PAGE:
Prayer in Islam

Site Team

Nowadays the media reports a lot on the religion of Islam and the Muslims; but the majority of this ‘primetime’ is used to mar the image of Islam. .  Muslims are often depicted as being fanatical or extreme for simply following the basic tenants of Islam. The media goes a step further in marring the image of Islam by confusing cultures with what Islam really is. Basic practices and pillars of Islam begin to take on strange connotations when the reality is they are acts of worship that denote piety and God consciousness.  Muslims testify with certainty that there is none worthy of worship except God alone.  They believe that Muhammad, may the mercy and blessings of God be upon him, is His messenger.  They fast, they give in charity, and they try to go to Makkah for pilgrimage. Muslims also pray five times per day.

Five times!  When some hear this, they throw their hands up in shock and wonder just how much time this must take and how it can be slotted into a 24 hour period.  Others, who are used to communicating with God in their own form of prayer will often question the rules and regulations that are attached to prayer in Islam.  God, they say, is accessible at any time.  According to the Muslim belief  God is accessible at anytime and in any place.  Muslims call on God frequently throughout the day and night.  They raise their hands in supplication and ask for His help, mercy, and forgiveness.

This, however, is not the act that Muslims refer to as prayer.  This is called making dua (supplications) wherein one calls unto God asking Him for His help.  For Muslims prayer is a set of ritual movements and words performed at fixed times, five times per day.  God says in Quran, “Verily, the prayer is enjoined on the believers at fixed hours”.  (Quran 4:103)  Muslims pray in the early morning before sunrise, in the middle of the day, in the afternoon, at sunset and at night.  Muslims pray in obedience to God because they believe God created humankind for no other purpose except to worship Him.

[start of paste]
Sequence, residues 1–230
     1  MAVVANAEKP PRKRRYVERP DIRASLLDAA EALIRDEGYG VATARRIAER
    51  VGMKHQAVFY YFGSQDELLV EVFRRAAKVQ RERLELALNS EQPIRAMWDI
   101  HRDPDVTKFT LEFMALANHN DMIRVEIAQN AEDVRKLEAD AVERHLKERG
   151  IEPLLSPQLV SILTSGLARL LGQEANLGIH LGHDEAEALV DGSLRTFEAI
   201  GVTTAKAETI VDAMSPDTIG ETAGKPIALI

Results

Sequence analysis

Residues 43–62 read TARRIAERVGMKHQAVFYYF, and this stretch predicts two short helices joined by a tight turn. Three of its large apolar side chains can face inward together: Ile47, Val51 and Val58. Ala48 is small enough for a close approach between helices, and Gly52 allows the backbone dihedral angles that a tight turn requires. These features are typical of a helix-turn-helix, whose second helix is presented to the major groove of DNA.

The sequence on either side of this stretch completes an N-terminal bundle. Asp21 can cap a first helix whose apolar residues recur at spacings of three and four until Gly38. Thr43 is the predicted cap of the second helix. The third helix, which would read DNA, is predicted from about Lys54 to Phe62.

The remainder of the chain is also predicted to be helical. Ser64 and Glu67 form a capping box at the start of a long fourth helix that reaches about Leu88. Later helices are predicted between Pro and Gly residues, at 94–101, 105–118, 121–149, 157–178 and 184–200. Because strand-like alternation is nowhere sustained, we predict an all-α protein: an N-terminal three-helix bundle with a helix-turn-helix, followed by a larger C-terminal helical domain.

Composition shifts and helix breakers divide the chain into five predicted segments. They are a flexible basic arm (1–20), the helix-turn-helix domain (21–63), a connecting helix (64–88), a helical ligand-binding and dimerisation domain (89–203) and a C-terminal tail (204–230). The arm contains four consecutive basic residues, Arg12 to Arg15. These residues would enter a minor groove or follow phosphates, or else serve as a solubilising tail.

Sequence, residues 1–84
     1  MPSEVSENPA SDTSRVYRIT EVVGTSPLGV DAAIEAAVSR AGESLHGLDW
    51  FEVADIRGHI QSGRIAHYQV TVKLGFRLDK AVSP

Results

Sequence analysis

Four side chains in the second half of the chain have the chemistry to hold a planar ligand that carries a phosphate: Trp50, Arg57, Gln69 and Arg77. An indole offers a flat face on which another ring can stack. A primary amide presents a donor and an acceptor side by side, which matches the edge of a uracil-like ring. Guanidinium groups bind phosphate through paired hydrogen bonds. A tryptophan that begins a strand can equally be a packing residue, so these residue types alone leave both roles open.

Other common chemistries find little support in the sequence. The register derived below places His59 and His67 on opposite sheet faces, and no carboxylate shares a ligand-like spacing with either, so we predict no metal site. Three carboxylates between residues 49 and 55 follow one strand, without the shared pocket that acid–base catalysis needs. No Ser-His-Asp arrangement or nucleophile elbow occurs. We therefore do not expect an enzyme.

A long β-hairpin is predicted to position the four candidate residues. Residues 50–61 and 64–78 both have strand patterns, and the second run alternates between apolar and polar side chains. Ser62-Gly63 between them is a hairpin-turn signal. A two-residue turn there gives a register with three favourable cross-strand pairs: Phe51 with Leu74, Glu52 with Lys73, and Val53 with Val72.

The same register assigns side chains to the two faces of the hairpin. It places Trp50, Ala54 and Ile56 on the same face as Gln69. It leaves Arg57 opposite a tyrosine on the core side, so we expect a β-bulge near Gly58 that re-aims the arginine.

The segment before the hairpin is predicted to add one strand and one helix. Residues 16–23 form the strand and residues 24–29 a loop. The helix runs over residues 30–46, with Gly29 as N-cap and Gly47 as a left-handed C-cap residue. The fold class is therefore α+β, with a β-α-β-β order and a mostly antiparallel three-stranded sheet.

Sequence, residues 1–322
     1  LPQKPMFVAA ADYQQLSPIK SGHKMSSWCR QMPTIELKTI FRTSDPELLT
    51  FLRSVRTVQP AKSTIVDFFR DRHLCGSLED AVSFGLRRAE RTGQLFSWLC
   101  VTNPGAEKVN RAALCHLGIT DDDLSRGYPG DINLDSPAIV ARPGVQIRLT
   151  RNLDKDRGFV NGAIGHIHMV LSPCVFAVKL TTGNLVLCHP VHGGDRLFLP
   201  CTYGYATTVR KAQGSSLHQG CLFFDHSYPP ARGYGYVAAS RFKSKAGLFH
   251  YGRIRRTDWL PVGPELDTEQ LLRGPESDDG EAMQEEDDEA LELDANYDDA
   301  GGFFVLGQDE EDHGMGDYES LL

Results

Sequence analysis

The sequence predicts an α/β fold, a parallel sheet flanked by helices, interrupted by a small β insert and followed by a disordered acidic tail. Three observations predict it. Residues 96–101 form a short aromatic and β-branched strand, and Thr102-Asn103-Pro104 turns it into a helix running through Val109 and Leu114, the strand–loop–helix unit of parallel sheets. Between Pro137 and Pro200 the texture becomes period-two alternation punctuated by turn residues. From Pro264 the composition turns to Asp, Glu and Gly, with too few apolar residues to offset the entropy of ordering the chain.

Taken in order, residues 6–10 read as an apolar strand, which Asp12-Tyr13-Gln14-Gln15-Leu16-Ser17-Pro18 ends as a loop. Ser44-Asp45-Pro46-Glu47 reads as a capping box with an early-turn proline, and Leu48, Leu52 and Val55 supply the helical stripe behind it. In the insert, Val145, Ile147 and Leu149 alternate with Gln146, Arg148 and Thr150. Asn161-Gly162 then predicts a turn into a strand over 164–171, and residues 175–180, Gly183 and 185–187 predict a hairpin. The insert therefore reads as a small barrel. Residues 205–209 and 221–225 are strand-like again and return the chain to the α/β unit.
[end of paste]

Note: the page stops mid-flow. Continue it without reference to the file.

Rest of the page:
“And I did not create man...except to worship Me Alone” (Quran 51:56)

Consequently, for a believer, worship is a way of life.  Prayer at fixed times  serves as a reminder of why we are here and helps to direct a person’s thoughts and actions away from sin and onto remembrance of God.  Prophet Muhammad emphasised the importance of prayer when he explained its ability to remove sin.  He said, “What would you think if there was a river by the door of any one of you and he bathed in it five times a day, would there be any trace of dirt left on him?”  They said, “No trace of dirt would be left on him.”  He said, “That is like the five daily prayers, with it God erases sin.”[1]

Prayer is just one act amongst many acts of worship; it holds a very special place in Islam because of the way it was enjoined.  It was not brought down to earth by an Angel rather it was bestowed upon Prophet Muhammad during his unique ascension into the Heavens.  Fifty prayers were first enjoined upon the believers but this was reduced to five, while the reward for prayer remains as if it were still fifty.[2]  This reduction shows just how great God’s love for humanity is, a few minutes throughout the day is rewarded as if it were continuous worship.